“What separates us from the animals, what separates us from the chaos, is our ability to mourn people we’ve never met.”
― David Levithan
Any act of terrorism is now a world event, satellite beamed television, radio, newspapers, and Twitter all insure that a large number of people are informed about an event within moments of it happening. An act of terror is known as fast as a teenager can thumb type 140 characters or a journalist techy can type a sentence message to their email blast feed or a soccer mom can update her facebook status. The series of terrorist attacks that have happened in recent years are not just acts against a government or a religion or a way of life, but against all humanity. The terror is now impossible to contain to one group of people, but elicits a chain of world wide empathy that makes us all feel the shock and the fear from an attack in Boston, New Delhi, Cairo, London or Baghdad. A small minority of angry, disassociated people that are cheering the results has for a moment managed to manipulate the emotions of a world. The clues must be deciphered from the mosaics.
This novel begins with a bombing in Istanbul,Turkey that kills hundreds of American sailors that for me was reminiscent of the Beirut Barracks Bombings back in 1983. An old church is destroyed in the explosion and within the crumbling structure ancient mosaics are exposed. Linus Hart Crane, famed archeologist, sees the key to a millennium old mystery in those mosaics and as he is preparing to give a lecture on his findings in London is dispassionately gunned down.
Enter our villain.
Bulent Ozbek, Turkish royalty, famed collector of artifacts is the brother to the Prime Minister of Turkey. He is everything you want in a villain, smart, ruthless, and absolutely deluded in his grand vision of himself.
Enter our hero.
Zander Blake, head of the Art Thief Division of the LAPD is on his way to London to give a speech to the same people that Linus Hart Crane was preparing to address. He was friends with Crane and soon finds himself caught up in events. He has a cool job.”People imagined the Art Theft Detail only traced stolen Renoirs and raided studios churning out bogus Jackson Pollocks. But the masterpieces--the cases that made the papers-were rare, by definition. Zander spent most days on things as likely to turn up at estate sales as museums: Disneyland posters, Gold Rush photos, Bullwinkle animations, Hemingway First editions, Gary Cooper autographs, Prussian coins, Victorian ball gowns. And even the paintings were rarely Old Masters. His favorite open case involved half-a-dozen missing Red Skeltons, mostly sad-faced clowns that the sad-faced comic had dashed off in the 1960s. They looked Zander about as artistic as poker playing dogs, though he knew no one was paying him for his opinion. And whether you called these things art or collectibles or garbage, as he often did, more and more people were buying them, and more and more people were stealing them or forging them. With the murder rate down and art theft was skyrocketing.”Screenshot of a piece of stolen art work currently being sought by the LAPD Art Thief Division.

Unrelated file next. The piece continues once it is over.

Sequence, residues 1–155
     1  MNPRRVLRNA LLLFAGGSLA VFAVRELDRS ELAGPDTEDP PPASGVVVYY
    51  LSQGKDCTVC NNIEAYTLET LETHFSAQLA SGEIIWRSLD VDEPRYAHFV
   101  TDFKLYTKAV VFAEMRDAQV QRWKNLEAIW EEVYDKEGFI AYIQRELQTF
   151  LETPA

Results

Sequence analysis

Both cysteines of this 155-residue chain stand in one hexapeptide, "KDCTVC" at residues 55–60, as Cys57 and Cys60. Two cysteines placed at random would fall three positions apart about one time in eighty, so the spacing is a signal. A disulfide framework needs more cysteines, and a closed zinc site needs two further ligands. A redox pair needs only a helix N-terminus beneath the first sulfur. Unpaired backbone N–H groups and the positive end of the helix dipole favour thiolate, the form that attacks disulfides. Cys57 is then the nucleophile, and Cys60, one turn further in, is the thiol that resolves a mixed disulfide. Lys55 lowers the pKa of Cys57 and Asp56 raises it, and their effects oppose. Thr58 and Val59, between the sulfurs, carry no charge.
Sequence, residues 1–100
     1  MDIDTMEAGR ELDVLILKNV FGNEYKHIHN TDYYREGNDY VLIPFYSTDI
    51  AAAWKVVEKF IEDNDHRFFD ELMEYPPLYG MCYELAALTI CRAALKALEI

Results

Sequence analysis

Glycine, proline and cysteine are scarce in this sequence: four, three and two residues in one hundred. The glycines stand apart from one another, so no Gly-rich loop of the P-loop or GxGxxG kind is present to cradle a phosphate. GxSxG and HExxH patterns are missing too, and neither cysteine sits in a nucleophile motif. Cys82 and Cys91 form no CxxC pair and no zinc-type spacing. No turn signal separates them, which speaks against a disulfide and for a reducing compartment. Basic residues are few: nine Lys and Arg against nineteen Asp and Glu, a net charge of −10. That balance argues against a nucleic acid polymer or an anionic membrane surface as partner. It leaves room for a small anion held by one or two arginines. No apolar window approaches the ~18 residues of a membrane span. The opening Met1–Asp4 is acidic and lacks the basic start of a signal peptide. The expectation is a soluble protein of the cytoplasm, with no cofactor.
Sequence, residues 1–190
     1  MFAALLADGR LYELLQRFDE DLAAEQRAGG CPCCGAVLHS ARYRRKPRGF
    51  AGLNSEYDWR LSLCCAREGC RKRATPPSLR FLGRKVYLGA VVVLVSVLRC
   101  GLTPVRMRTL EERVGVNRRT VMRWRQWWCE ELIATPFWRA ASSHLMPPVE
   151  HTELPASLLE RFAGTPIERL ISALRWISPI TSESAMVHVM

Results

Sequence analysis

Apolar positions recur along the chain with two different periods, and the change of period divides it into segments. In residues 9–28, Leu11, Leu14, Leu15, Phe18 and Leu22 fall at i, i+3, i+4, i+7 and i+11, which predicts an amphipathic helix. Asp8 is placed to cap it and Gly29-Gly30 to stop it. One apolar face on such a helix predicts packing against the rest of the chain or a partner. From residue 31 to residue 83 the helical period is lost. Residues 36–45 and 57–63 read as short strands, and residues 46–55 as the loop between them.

That is a job that would be fascinating to me.
Zander often finds himself working with criminals of the white collar variety. People with specific knowledge of how artifacts are forged, fenced, and stolen. One such man is Henry Demarest who despite his rehabilitation, just like any addict, soon finds himself unable to resist an opportunity to sell a child mummy artifact to Bulent Ozbeck. This turns out to be the perfect occasion for the hero and the villain to meet.
Helen Vandemeer works for the Metropolitan Museum of Art in New York. She has been in trouble before for buying dodgy pieces with uncertain origins. She “seduces’ Ozbeck in an attempt to convince him to allow his collection to be shown at the MET.
Penny Theobald is an ex-student of Linus Hart Crane who is fed up with the academic world, but uncertain what she will do instead. She is key to the investigation because of her connection to Crane and her specialized knowledge in this field of research.
Felix Maurer, is a CIA operator working in Turkey. He is helping the Zander team, but also passing back information to Ozbeck knowing that if he doesn’t keep Ozbeck happy he will eventually find himself expelled from the country. He is working both ends against the middle.
Ken Sonenclar has set up a situation where people are having to work together to solve a mystery, but are incapable of trusting each other. They find themselves flung from London to Istanbul to Iznik trying to solve the mystery of the mosaics and stay one step ahead of the brutality and greed of Ozbeck. The mysterious mosaics holds the clues to the disappearance of the Athena Parthenos last seen in Constantinople in the 10th century. Athena Parthenos
The ancient historian Pausanias gave a description of the statue:...The statue itself is made of ivory, silver and gold. On the middle of her helmet is placed a likeness of the Sphinx ... and on either side of the helmet are griffins in relief. ... The statue of Athena is upright, with a tunic reaching to the feet, and on her breast the head of Medusa is worked in ivory. She holds a statue of Victory about four cubits high, and in the other hand a spear; at her feet lies a shield and near the spear is a serpent. This serpent would be Erichthonius. On the pedestal is the birth of Pandora in relief.
Bombs and Believers is certainly a page turner. The cover is really well done. In fact it won awards for design and I can see why. The twist of the plot, resolving an ancient mystery, is reminiscent of Dan Brown and other well paid thriller writers. It wouldn’t be surprising to me to see Ken Sonenclar’s books in the near future on every airport book rack around the world. Sometimes we all just need that escapism only a thriller can provide.